Master Your Mitochondria: Key Nutrition and Exercise Strategies to Support These Cellular Powerhous

"What the heck are mitochondria?"

I love this client. I really do. She challenges me because she questions my recommendations, plays devils advocate and wants me to drop all the "scienc-y mumbo jumbo" and break it down for her in a way that is easy, accessible and applicable. Not because she doesn't care. Not at all. In fact, she is very interested in what is happening in her body. But she wants to learn in a way that she will retain the information and she wants to understand in a way that allows her to apply her knowledge and actually affect changes in her body.

So, dear client of mine, here is your no-mumbo-jumbo protocol to master your mitochondria.

To answer her original question, what the heck are mitochondria? I direct you to the image below:

This beautiful creation is found in almost every single cell you have in your body. MItochondria are the place inside of our cells where energy is created. When we digest our food, the process of breaking the food down ultimately leads to the production of the body's energy "currency" known as ATP. ATP is needed for every function you could possibly imagine (and all the ones that we cannot even name) from movement of our muscles to nerve conduction to cell growth and cell death and more.

ATP is essential for energy and therefore, the health of our mitochondria are essential for energy. In order to make energy, our mitochondria need two things: oxygen from the air we breathe and glucose or fat from the food we eat.

If we are getting plenty of oxygen and eating the right nutrients, then our mitochondria should be doing a beautiful job of making energy. However, every time mitochondria make ATP for us, they also produce reactive oxygen species or free radicals.

We have heard how free radicals cause aging, damage and inflammation. So why would the body make something damaging along side of making ATP?

Well, one of the main jobs of free radicals is to initiate cell death of damaged or mutated cells - a process called apoptosis. This is excellent since every day our body has to sort out damaged cells and cancerous cells and kill them off before they become a problem.

So it is not just free radicals that are a problem, it is EXCESSIVE free radicals and/or not eating enough antioxidants (like vitamins C, E, etc) that can stop free radicals from causing problems.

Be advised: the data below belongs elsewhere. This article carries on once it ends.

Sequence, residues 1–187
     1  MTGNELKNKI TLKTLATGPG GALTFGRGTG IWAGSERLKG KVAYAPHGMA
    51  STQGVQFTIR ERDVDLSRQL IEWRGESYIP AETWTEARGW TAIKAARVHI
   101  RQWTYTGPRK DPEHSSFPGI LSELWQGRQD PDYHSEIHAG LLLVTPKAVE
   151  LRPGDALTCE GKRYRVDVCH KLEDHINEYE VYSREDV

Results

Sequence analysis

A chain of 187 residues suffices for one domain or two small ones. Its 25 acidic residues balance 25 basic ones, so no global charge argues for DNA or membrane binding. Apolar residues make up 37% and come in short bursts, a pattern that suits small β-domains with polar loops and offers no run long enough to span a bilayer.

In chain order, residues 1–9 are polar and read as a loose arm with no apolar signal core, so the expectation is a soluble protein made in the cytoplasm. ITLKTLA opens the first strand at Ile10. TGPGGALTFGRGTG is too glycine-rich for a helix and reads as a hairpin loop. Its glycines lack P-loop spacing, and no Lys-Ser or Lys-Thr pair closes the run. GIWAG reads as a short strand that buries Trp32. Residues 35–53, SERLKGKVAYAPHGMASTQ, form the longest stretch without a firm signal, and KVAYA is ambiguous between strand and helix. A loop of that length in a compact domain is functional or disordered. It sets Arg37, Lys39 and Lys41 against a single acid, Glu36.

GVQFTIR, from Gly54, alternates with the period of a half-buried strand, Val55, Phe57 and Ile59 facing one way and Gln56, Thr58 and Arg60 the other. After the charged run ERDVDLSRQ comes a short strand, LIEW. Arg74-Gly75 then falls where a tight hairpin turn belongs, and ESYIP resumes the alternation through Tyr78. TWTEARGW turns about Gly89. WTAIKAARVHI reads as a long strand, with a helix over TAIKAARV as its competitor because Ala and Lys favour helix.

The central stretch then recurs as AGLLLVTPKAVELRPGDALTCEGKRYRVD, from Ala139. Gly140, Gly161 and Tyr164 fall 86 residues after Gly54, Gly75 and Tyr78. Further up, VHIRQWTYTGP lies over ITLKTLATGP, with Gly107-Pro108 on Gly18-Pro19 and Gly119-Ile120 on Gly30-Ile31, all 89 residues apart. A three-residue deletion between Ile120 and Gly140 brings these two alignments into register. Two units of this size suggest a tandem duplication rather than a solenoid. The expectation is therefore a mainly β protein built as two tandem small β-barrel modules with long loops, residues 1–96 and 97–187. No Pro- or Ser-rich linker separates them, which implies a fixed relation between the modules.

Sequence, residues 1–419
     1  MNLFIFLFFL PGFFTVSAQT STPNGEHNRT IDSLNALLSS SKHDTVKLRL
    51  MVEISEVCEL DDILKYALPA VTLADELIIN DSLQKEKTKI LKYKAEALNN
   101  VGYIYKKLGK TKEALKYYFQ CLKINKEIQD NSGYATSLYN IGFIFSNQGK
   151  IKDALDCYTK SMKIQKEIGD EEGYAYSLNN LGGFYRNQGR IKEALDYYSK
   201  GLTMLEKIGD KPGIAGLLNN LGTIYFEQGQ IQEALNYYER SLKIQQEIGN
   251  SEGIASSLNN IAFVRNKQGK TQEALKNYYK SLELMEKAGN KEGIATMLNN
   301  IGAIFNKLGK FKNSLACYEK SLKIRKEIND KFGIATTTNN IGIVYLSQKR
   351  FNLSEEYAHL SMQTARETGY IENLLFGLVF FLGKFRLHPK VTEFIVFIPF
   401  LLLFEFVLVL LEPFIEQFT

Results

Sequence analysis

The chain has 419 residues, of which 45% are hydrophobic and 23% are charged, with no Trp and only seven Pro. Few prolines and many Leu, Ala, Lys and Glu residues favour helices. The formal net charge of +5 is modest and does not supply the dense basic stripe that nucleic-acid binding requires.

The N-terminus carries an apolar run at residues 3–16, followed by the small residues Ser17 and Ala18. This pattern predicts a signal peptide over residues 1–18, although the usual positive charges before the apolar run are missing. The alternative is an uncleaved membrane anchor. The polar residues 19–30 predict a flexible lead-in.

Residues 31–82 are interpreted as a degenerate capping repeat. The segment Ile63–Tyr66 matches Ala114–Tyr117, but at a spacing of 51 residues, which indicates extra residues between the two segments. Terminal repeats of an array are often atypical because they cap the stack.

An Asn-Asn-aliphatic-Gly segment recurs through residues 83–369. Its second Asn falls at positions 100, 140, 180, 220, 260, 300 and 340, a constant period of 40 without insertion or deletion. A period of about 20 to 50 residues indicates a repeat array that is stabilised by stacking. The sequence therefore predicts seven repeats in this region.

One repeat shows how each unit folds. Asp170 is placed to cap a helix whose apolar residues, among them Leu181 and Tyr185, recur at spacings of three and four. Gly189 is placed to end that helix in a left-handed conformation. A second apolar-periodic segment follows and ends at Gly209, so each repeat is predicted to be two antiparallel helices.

Eating a nutrient-rich diet also ensures we are giving our mitochondria key nutrients they need in order to function properly such as CoQ10, carnitine, magnesium, omega 3 fats, all B vitamins and alpha lipoic acid.

Ok, so, so far we know:

1. Mitochondria are in almost every cell

2. They make energy

3. They also make damaging free radicals

4. It is excessive free radicals that can cause damage

5. We must eat a nutrient rich diet to lower free radical production and to give our mitochondria the nutrients they needs to function best

Below are whole food sources of some key nutrients needed to support mitochondrial health:

CoQ10: pastured chicken, broccoli, cabbage

carnitine: grassfed beef

magnesium: leafy greens

omega 3 fats: salmon, sardines in water or olive oil

B vitamins: nutritional yeast (nonactive yeast), Jerusalem artichokes, hibiscus tea, watermelon, sunflower seeds, macadamia nuts (or butter), tahini, sesame seeds, spinach, mushrooms, beet greens, avocados,

alpha lipoic acid: broccoli, spinach, grassfed beef, organ meat

Get a variety of these foods on a weekly basis to ensure your mitochondria are getting all the nutrients they need.

There are three other things we can do to optimize our mitochondrial health:

1. Intense exercise

2. Intermittent fasting

3. Breathe correctly

Intense exercise, for the purpose of mitochondrial health, can be defined as "push yourself hard enough to get very very breathless" then allow yourself to recover and repeat that push. By challenging our body to get breathless, we are presenting it a stimulus or signal that it needs to change. Our bodies look for the path of least resistance and when we push ourselves until breathless, the body says "that was too tough, I want to adapt and change so that the next time she does that, it is easier." A main way in which the body changes in response to intense exercise is to make new mitochondria so that our energy-generating capacity increases. This will make that same intense exercise, just a bit easier the next time around.

Some great research in high intensity exercise is coming out of McMaster University in Canada. Contrary to what we once thought, it looks as if we can generate more mitochondria with only a 20 second all out push followed by a recovery. Repeat that 3 times in a row and you have completed a high intensity workout to build more mitochondria.

However, as with muscle mass, if you don't use it, you lose it. Mitochondria will "die off" if we don't give them this high intensity push on a regular basis. After 2 weeks without an intense push, your mitochondria levels basically go back to where they were before. So incorporate intense pushes into your weekly workouts.

As for the remaining two ways to build mitochondria, check out The Body Geeks podcast (scroll down to Episode 8) that I have had the pleasure of recording with my

amazing colleague Laura Sprague in which we discuss how to take a proper deep


For the ways in which intermittent fasting can boost mitochondrial health, stay tuned! This will most definitely be a future podcast/blog post.

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